People always tell pretty girls that they should model.
But not all pretty girls like modeling…and I’m one of them!
I’m an old-fashioned girl.
I don’t understand my sisters’ need to wear makeup every day.
My idea of dressing up for a club is “something comfortable I can dance in”.
I love long skirts and dresses.
I don’t own a bikini and wouldn’t pose in lingerie for all the tea in China.
Maybe it’s because I grew up in a conservative Christian family or maybe it’s insecurities or my own weird form of feminism (I just know it’s not Maybelline!).
But between the hyper-sexualized celebrities in magazines, Victoria Secret catalogs and kiddie beauty pageants, modeling just bothers me. …and yet, here I am!
Let’s talk about what modeling means.
When people tell pretty girls that they should be models, do you know which pretty girls they talk to?
Skinny white girls with shiny hair and nice teeth.
Cameron Russell, an American fashion model who’s been in the industry for eleven years, addresses this problem in her TED talk:
“I am on this stage because I am a pretty, white woman, and in my industry we call that a sexy girl.
…for the past few centuries we have defined beauty not just as health and youth and symmetry that we’re biologically programmed to admire,
but also as tall, slender figures, and femininity and white skin.
And this is a legacy that was built for me, and it’s a legacy that I’ve been cashing out on.”
Watch the rest of her TED talk here.
For this reason -among many others- I will never like the modeling industry in general.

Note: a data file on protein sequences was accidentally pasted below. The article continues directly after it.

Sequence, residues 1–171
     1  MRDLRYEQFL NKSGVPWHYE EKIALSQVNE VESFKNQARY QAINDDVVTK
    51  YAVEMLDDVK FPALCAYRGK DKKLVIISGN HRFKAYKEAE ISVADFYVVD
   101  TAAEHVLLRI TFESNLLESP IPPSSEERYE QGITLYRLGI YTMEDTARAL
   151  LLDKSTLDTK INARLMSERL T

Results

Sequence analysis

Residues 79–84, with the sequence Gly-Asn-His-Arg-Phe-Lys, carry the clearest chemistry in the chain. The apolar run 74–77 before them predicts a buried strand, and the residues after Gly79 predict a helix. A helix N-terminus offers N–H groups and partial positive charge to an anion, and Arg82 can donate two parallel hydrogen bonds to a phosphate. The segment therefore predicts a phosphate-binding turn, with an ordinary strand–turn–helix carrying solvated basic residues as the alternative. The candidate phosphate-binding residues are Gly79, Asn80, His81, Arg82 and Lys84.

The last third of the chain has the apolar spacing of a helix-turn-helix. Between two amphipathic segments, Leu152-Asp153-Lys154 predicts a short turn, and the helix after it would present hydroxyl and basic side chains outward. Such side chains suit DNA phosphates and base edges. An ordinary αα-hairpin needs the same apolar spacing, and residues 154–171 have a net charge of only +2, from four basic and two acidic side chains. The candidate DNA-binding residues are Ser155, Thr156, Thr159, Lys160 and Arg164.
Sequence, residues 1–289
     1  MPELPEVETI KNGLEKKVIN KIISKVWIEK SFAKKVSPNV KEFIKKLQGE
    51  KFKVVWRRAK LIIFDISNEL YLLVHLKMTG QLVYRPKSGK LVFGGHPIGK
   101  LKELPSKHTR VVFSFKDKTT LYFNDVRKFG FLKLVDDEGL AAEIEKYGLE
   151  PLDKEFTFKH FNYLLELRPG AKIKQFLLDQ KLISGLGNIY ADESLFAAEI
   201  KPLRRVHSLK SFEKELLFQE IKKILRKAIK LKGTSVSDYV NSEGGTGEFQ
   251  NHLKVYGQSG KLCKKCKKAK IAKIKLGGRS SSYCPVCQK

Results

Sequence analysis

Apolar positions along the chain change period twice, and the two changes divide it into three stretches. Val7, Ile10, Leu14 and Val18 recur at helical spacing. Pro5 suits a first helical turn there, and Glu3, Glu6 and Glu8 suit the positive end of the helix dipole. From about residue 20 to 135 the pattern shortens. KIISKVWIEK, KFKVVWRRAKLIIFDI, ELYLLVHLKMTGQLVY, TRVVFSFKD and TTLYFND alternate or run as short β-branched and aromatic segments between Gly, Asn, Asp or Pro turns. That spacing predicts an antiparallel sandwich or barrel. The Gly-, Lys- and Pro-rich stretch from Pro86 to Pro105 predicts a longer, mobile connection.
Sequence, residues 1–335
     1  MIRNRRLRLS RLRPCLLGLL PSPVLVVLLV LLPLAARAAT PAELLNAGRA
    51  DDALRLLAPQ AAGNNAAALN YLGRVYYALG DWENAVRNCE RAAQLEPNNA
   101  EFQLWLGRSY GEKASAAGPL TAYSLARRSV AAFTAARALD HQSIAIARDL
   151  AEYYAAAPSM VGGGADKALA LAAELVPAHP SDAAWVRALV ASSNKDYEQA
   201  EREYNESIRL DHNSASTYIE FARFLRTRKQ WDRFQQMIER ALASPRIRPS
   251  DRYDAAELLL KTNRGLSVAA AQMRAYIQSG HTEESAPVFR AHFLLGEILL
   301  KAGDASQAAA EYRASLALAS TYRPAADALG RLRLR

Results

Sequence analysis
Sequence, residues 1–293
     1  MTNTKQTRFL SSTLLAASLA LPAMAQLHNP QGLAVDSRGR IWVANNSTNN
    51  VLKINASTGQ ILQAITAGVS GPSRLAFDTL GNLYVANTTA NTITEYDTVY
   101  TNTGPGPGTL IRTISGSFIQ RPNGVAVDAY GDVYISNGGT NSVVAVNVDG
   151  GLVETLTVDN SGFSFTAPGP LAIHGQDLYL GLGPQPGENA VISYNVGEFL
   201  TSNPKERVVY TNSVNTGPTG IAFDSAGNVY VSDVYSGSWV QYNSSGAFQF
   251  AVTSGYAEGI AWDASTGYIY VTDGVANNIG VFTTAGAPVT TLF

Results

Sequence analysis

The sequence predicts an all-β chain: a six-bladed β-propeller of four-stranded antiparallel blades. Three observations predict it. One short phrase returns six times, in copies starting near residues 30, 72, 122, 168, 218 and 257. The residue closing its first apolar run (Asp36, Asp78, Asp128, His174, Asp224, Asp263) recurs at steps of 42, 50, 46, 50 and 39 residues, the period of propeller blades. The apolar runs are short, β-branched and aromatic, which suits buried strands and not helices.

It’s home to too many self-image problems, eating disorders, sexism, racism and fake perceptions of beauty.
The industry may be crap, but the job itself?
That’s a different story. Modeling is hard work.
The amount of planning, performing, imagination and technical detail that goes into a photo shoot is amazing.
I have learned to respect everyone who becomes a part of the process.
When you’re not focused on diets and looking perfect to advertise the perfect outfit, modeling can create its own sense of self-confidence.
I’ve become more comfortable in posing front of a camera, acting out my own ideas and learning to distinguish between when I am myself and when I am part of a bigger concept.
(Images courtesy of Wolton Photography)
Every photo shoot and camera angle has a story line, so all I need is a “costume” and I turn into someone else.
It’s a unique opportunity to help create a marketable concept, whether it be an advertisement, an event collage or promotional material.
Modeling is only one step in the creation process and sometimes, out of all the photography, cosmetology, visual art, scene setting, costume design, story boarding and editing that goes into a single photo shoot, it seems like the least important.
It’s not quite that simple.
The model brings a concept to life, and no matter how up in arms I am about bad messages to young girls or objectification, the role a model plays within the production of marketing and promotion is crucial.
And it will always fascinate me.
But no matter how much I love performing or how absorbed I am by a new marketing strategy, my favorite part of a photo shoot will never change: Taking the makeup OFF!